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  • Writer's pictureLeann Shamash

Soil: A Meditation

Updated: May 10, 2023

The combined Parshiyot of Behar/B'Chukotai complete this year's reading of the book of Leviticus. These two parshiyot cover the concept of the Sh'mita, the sabbatical year and the year of Jubilee which occurs every fifty years. According to My Jewish Learning, " In the Shmita year, debts are to be forgiven, agricultural lands to lie fallow, private land holdings to become open to the commons, and staples such as food storage and perennial harvests to be freely redistributed and accessible to all." The Jubilee year, or Yovel, frees people from debt and releases Jewish slaves from their masters. Both Sh'mita and Yovel are a major reset in Jewish life. The ideas portray justice in its truest sense.

The underlying principal of Sh'mita is allowing the soil to lie fallow. The earth contains only 7% of soil suitable for agriculture. (Taken from 21st Century Guidebook to Fungi, SECOND EDITION, by David Moore, Geoffrey D. Robson and Anthony P. J. Trinci) Topsoil is a resources easily depleted, abused and overlooked. As responsible stewards of the land, it means showing a healthy respect for the soil and its makeup. It takes thousands of years to create topsoil. Our society is guilty of over farming, over fertilization, chemical additions and deeply disrupting the soil. " It can take 500 to 1,000 years for one inch of topsoil (the upper layer of soil containing the most organic matter and microorganisms) to form through the interaction of bedrock, climate, topography, and living organisms." (Taken from "WHY SOIL MATTERS by Renee Cho April, 2012. Columbia Climate School)

I hope that the next two minutes spent reading this poem/meditation, will encourage us to take note of the soil. Next time you walk outdoors past a green lawn or a park, or even waste land abutting a highway, think about the soil, how it is made and its unlimited importance in gifting humanity much of its food.


Soil: A Meditation


See it,

if you will,

just a brief moment

silent and still.




Go down to the garden.

From your house, your home.

Hands and knees touch the earth.

Pebbles, weeds and grass greet;

the soil hides shyly underneath.

Gather a handful of soil in your hands.

Hold it there, warmed by the May sun.

Observe its modest beauty,

always unadorned.

Sniff, Squeeze, Rub,Touch, Feel, Examine.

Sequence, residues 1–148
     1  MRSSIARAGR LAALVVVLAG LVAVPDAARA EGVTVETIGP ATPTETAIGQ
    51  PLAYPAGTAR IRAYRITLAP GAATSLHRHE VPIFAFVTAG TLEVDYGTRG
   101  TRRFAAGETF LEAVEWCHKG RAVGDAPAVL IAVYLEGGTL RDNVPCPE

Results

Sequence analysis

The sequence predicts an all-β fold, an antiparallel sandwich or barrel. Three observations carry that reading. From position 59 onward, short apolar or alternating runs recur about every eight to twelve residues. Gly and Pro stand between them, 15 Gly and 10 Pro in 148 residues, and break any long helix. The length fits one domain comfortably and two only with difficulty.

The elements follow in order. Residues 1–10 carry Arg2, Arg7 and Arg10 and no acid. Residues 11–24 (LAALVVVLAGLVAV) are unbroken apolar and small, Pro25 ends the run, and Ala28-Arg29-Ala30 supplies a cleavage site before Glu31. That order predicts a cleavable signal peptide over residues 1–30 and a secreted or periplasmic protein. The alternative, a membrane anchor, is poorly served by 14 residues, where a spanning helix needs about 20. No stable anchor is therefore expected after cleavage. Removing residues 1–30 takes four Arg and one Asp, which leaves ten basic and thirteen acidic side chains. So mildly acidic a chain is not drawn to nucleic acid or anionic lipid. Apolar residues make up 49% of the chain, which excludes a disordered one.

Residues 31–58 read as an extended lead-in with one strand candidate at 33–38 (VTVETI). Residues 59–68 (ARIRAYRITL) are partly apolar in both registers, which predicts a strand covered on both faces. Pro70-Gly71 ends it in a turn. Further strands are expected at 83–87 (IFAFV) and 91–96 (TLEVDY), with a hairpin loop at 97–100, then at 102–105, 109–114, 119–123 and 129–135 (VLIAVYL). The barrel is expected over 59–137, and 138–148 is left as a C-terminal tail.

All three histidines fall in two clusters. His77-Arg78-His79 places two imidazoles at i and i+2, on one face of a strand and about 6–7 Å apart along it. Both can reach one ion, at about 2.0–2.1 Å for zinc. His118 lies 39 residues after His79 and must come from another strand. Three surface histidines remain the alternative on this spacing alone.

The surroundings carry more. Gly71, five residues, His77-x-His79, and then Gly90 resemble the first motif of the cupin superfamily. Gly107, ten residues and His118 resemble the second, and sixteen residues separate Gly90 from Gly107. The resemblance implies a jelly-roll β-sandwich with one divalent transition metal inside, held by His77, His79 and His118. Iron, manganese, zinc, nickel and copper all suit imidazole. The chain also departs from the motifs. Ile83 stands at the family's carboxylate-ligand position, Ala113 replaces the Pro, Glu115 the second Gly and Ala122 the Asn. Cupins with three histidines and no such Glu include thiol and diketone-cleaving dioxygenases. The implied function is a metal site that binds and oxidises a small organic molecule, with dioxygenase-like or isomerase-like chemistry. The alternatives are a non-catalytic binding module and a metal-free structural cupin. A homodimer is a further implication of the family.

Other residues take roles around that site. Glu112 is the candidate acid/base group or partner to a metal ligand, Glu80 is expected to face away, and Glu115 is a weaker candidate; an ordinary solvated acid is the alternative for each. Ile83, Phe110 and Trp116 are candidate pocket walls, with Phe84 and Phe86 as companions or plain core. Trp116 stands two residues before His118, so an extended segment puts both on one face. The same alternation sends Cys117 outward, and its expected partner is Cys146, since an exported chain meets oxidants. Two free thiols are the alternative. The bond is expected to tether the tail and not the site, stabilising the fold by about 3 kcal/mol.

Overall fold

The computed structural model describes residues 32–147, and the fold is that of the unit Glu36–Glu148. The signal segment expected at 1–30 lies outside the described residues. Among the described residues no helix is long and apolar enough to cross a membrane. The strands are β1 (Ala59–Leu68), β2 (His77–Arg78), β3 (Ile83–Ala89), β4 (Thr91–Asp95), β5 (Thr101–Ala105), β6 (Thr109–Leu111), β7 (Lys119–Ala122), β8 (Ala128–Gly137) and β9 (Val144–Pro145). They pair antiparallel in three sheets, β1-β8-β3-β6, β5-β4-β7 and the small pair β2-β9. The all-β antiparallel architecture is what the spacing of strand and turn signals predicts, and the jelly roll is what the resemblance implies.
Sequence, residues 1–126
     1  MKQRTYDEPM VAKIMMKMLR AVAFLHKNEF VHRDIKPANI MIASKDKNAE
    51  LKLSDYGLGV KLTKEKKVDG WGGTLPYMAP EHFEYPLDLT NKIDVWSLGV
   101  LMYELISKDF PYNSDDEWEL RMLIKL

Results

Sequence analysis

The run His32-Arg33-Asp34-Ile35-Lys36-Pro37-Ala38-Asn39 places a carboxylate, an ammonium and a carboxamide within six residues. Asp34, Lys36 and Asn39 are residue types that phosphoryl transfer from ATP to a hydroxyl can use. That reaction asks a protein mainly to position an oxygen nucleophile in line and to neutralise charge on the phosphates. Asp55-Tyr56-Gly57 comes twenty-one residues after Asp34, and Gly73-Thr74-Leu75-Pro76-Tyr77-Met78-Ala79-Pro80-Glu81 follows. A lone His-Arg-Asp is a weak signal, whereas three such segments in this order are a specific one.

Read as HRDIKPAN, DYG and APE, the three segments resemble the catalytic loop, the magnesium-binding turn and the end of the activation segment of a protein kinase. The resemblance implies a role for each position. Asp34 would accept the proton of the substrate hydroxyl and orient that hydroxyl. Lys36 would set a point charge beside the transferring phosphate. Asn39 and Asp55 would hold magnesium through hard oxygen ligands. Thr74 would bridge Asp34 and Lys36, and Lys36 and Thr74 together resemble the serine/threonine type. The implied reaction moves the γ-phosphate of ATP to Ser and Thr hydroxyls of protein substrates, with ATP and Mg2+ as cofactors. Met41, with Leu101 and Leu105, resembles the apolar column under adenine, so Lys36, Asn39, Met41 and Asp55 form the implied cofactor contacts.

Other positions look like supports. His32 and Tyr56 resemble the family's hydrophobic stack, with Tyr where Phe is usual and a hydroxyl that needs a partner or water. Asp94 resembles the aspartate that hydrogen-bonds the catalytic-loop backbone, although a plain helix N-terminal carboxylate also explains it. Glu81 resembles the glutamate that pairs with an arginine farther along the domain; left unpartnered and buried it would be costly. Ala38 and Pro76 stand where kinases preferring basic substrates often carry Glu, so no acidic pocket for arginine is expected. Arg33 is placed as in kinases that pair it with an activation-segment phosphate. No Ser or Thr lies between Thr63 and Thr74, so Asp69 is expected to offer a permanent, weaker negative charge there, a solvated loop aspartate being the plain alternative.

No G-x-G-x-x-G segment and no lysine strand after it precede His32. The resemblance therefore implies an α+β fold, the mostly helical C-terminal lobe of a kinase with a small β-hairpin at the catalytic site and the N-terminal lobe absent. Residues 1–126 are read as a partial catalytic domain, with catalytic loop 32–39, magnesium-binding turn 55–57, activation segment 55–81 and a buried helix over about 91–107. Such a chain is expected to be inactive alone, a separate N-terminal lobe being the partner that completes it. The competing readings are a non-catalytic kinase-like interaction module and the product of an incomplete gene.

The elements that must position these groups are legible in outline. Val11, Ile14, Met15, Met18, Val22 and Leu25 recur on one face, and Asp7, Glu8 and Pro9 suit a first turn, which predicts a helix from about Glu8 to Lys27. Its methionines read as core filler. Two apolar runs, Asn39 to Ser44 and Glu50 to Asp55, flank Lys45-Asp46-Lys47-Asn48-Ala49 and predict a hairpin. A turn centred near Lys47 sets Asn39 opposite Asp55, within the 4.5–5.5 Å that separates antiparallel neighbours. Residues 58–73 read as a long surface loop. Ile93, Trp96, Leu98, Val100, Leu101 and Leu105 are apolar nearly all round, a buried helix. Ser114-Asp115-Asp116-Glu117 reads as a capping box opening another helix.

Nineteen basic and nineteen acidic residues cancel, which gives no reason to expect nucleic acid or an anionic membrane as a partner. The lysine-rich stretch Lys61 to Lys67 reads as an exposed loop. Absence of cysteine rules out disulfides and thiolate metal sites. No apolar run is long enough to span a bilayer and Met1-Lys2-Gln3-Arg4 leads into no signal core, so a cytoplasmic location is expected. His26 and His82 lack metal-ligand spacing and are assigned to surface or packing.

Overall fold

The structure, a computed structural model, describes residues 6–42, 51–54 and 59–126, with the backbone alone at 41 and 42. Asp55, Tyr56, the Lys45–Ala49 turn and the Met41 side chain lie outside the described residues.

Let it run between your fingers.


Breathe in the musky perfume of the earth.

While it is in your hands,

tunnel into a world unseen.

Full of mystery.

In this world of soil,

microscopic evidence

of stone, crushed

leaves, now decomposed,

stems and roots.

Thorns, once sharp

now rubbed smooth.

Yellow dandelion petals


silently covered,

They, too, become part of the soil.

Soil, a marker of seasons past.

In it, feel the echoes of


the impact of heavy snows,

the ravages of drought.

A rhythm of seasons,


Moon countings.


Feel the casings of worms between your fingers.

Gratitude for these unsung builders of soil.

Powerful microbes;

powers that do not rest.


Root hairs woven into the tiniest of corridors,

Fungi weaving

miles upon miles of mycelium;

the internet of the soil

spreading wildly,


creating endless corridors,

assemblages of secret passages.

You hold it.

It is in your hands.


Feel the exoskeletons of insects,

decomposed feathers of robins and sparrows.

thousands of seeds

invisible to the eye,

waiting to pop.


home to armies of ants,

grubs waiting,

beetles crawling

mixed with

wasp’s wings,

clay and grains of sand.

Tiny seeds, as many as the stars in the sky

lie patiently waiting.


Hold the soil in your hands.



Consider what you hold in your palms.

Soil is golden.

Like a ring on your finger,

Your futures are connected.

Indeed, we are consecrated to each other.

וּבַשָּׁנָ֣ה הַשְּׁבִיעִ֗ת שַׁבַּ֤ת שַׁבָּתוֹן֙ יִהְיֶ֣ה לָאָ֔רֶץ שַׁבָּ֖ת לַיהֹוָ֑ה שָֽׂדְךָ֙ לֹ֣א תִזְרָ֔ע וְכַרְמְךָ֖ לֹ֥א תִזְמֹֽר׃ But in the seventh year the land shall have a sabbath of complete rest, a sabbath of the LORD: you shall not sow your field or prune your vineyard. Leviticus 25:4,5 (translation from Sefaria)


I found these links helpful in preparing for this week's poem/ meditation

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